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Economies of Note - 23rd December

Written by Ian Dobbs on December 23rd, 2016.      0 comments

It has been a quiet week in Australia this week which has meant the recent trend of weakness in the local currency against the greenback has continued to prevail. Local focus was on Tuesday’s RBA minutes which saw the Reserve Bank indicate that it was happy with the current interest rate setting of 1.5%. The decision at the meeting earlier in the month to leave rates on hold was expected and was the fourth in a row that saw rates remain unchanged. The minutes revealed reservations from the board over the effect of low interest rates on asset prices and household borrowing. Concerns over Australia’s AAA rating circulated earlier in the week although the budget deficit was insufficient to cause any immediate move from the three key ratings agencies. Weakness in iron ore prices during the week also weighed on sentiment. Expect a quiet finish to 2016 with just private sector credit figures due on New Year’s Eve, although indicators from offshore will continue to be watched with a keen interest.

New Zealand
The New Zealand dollar has continued to slide lower against the greenback in trade heading into the Christmas break. The week started with Q4 Westpac consumer sentiment which rose solidly from the quarter prior. October building consents and ANZ consumer confidence for December both registered gains from the month prior. Trade data for last month showed a larger than expected deficit on the back of falling beef and lamb exports. Migration data posted another broken record as 70,400 new residents arrived in the November year, again higher than expectations. The latest GDT dairy auction registered a minor (0.5%) overall decline although the outlook for 2017 looks sound as production levels support pricing in the months ahead. The main release of the week was yesterday’s Q3 GDP data which came in higher than expectations at 1.1%, although revisions to previous data saw the 3.5% annual result slightly miss the consensus forecast. Growth in the quarter was broad based as 13 of the 16 surveyed industries grew during the period. Local news will be sparse over the holiday period with just a further GDT dairy auction set for release in the first week of the NY.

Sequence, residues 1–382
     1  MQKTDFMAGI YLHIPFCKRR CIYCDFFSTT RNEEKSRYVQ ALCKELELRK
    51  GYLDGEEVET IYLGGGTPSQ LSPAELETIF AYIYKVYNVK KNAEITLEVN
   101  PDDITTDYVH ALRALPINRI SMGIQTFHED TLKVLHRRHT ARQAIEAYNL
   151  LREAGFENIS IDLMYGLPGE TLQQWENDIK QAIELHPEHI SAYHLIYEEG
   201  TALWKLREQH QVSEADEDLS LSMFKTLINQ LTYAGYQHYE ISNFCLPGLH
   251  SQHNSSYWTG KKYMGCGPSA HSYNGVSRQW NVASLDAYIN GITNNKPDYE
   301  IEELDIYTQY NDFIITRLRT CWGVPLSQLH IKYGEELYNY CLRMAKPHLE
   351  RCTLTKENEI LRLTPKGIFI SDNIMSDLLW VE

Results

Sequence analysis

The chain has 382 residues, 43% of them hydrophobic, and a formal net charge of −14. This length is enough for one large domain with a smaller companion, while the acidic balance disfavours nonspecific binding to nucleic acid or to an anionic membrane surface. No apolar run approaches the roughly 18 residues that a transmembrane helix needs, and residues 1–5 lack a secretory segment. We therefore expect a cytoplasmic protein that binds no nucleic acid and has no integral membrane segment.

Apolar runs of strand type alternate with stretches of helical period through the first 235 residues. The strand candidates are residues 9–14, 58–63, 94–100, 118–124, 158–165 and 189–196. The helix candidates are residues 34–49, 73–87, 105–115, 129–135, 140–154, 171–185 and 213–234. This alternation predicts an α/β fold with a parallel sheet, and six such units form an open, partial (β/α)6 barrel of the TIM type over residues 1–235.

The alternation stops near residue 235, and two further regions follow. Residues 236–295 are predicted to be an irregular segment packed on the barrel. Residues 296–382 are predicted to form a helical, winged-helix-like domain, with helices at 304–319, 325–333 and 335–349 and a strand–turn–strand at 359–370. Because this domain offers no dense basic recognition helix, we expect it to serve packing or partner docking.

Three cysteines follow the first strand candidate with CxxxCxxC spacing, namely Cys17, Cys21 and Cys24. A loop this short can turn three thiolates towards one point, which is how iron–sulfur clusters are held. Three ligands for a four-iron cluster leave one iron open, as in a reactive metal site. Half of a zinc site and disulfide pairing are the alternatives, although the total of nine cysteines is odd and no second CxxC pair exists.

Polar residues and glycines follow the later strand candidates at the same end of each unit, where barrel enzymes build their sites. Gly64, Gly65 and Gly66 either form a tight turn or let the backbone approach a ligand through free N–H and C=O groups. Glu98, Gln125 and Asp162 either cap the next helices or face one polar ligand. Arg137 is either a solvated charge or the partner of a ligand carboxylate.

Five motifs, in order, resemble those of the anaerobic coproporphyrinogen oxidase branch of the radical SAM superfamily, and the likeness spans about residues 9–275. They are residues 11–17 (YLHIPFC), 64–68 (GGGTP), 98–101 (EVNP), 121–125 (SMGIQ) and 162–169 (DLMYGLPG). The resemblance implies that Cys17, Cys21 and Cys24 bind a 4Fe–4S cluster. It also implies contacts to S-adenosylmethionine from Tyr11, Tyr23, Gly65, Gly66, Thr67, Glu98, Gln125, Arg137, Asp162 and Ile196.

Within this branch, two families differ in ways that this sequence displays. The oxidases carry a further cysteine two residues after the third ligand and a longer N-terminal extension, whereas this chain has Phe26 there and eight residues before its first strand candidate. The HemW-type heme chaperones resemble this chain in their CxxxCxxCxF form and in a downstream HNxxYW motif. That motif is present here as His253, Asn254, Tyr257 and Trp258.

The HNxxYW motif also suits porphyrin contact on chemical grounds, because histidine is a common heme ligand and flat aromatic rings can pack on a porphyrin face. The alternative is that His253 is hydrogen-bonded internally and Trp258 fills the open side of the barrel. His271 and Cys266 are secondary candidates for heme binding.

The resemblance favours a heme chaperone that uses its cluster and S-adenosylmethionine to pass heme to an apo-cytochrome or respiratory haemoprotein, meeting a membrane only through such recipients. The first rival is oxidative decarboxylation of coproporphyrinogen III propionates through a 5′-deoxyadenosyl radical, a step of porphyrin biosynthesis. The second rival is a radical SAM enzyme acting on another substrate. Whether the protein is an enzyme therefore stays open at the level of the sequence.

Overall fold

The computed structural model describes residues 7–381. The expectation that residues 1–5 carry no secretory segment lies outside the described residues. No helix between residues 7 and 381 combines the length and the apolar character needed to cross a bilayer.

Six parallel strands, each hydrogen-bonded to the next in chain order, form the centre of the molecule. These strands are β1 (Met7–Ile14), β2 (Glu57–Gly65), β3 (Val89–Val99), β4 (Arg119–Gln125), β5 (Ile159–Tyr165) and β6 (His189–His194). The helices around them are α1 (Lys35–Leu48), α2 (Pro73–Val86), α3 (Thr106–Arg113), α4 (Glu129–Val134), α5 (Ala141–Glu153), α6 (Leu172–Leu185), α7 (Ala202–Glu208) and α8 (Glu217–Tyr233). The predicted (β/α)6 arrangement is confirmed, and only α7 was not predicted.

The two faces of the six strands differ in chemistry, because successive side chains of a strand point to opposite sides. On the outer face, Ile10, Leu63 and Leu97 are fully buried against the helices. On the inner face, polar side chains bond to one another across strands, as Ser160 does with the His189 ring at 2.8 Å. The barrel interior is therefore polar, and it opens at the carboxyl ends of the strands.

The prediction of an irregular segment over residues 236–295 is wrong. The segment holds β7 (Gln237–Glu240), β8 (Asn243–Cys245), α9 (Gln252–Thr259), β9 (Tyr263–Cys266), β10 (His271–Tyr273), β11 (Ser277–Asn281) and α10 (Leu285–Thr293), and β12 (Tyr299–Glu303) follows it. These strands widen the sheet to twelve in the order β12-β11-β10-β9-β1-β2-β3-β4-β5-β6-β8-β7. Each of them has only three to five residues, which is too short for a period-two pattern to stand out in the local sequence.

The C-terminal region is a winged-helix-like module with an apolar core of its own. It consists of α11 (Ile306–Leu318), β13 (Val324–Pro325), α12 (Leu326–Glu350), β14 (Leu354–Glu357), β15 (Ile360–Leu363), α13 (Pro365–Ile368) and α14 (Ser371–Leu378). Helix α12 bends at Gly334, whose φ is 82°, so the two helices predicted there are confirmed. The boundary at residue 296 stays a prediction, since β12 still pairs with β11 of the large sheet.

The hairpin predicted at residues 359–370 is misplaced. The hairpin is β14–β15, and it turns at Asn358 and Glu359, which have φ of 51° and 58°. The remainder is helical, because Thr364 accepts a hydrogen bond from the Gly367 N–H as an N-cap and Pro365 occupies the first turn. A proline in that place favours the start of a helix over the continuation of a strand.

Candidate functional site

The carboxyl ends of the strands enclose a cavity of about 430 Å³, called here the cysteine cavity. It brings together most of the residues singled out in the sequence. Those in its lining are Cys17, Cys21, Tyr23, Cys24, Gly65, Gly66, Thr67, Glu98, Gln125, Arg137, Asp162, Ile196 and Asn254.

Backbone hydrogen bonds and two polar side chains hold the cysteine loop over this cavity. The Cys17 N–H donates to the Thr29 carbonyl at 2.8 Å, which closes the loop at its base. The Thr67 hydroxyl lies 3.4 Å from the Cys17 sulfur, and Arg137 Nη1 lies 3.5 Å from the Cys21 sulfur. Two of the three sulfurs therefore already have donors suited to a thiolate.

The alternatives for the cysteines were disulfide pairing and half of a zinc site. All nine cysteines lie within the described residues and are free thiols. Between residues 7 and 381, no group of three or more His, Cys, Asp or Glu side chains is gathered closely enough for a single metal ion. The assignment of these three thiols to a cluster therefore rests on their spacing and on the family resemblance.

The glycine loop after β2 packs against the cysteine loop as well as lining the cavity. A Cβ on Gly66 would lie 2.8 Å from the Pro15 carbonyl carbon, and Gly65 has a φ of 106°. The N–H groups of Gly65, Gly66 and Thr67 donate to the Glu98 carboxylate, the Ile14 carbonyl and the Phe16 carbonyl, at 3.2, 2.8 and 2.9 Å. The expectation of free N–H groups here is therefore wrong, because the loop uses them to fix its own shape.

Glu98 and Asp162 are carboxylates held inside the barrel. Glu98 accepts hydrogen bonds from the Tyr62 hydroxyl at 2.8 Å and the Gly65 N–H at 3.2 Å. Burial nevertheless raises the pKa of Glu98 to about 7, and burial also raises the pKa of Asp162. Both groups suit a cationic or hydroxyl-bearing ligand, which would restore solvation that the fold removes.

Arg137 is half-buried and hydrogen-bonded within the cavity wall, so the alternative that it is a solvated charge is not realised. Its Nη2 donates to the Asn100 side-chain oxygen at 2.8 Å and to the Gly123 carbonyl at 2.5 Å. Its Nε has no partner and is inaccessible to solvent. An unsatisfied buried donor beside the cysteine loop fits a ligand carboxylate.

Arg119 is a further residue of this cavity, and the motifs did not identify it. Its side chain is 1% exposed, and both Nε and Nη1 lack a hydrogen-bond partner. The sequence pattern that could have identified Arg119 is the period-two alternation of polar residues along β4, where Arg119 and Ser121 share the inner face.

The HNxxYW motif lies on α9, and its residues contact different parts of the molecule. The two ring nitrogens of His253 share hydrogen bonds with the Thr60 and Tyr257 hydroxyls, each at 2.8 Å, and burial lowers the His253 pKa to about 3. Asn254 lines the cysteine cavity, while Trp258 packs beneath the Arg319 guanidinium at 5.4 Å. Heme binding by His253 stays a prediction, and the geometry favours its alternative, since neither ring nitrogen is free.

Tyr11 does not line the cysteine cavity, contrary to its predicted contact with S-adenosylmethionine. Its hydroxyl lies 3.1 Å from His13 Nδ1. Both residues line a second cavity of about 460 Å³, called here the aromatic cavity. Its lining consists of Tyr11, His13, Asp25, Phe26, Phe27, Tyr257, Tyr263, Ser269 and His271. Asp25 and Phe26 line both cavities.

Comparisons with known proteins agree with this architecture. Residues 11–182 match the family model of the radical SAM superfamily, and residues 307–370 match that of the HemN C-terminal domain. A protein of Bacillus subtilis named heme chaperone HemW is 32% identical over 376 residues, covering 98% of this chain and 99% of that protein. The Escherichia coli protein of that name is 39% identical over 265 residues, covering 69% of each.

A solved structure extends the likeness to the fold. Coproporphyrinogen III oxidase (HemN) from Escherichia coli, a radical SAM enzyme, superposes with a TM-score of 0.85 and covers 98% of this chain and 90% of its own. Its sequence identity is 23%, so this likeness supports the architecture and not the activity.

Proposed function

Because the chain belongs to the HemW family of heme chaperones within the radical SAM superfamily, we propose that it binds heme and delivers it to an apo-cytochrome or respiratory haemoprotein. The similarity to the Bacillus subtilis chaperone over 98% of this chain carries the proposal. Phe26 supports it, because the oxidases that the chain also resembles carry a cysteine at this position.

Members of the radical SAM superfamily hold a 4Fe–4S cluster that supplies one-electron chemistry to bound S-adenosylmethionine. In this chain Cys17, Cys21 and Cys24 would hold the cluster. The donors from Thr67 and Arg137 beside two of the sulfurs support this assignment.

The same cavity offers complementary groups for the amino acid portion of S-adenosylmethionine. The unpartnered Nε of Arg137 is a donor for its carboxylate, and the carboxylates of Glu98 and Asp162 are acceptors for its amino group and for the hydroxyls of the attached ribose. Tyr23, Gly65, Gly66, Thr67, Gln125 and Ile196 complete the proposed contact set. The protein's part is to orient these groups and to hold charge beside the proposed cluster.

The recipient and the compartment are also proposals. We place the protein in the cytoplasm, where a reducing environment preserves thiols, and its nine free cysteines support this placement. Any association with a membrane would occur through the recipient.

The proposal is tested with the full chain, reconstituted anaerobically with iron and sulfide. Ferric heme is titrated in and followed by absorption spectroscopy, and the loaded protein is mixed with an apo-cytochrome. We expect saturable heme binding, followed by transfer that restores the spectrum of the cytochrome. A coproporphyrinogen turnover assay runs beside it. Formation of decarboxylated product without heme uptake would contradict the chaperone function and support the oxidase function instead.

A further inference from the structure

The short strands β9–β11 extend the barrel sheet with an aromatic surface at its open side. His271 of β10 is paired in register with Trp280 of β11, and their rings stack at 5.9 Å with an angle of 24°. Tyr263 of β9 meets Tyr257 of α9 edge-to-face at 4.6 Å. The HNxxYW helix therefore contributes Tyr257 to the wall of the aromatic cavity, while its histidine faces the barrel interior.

United States
This week has been one about consolidation for the US dollar after the recent strong gains off late. Releases have included the Markit Composite PMI which eased to 53.7 from 54.9 and existing home sales which rose 0.7% in November. The lift was against expectations of a 1% decline and was the third consecutive monthly rise. Other data included a 21k rise in initial weekly jobless claims (worse than expectations) and a fall in November durable goods orders which closely matched that expected. Personal income was flat for the same month (against expectations of a small lift) and the final read of Q3 GDP was raised from an annual rate of 3.2% to 3.5%. The pace of growth in the third quarter was the fastest in two years. Comments from Fed Chair Yellen included upbeat remarks on the US labour market. The week will conclude with Michigan consumer sentiment and new home sales numbers today. Data over the holiday period will be dominated by December Nonfarm payrolls on Friday January 6th.

United Kingdom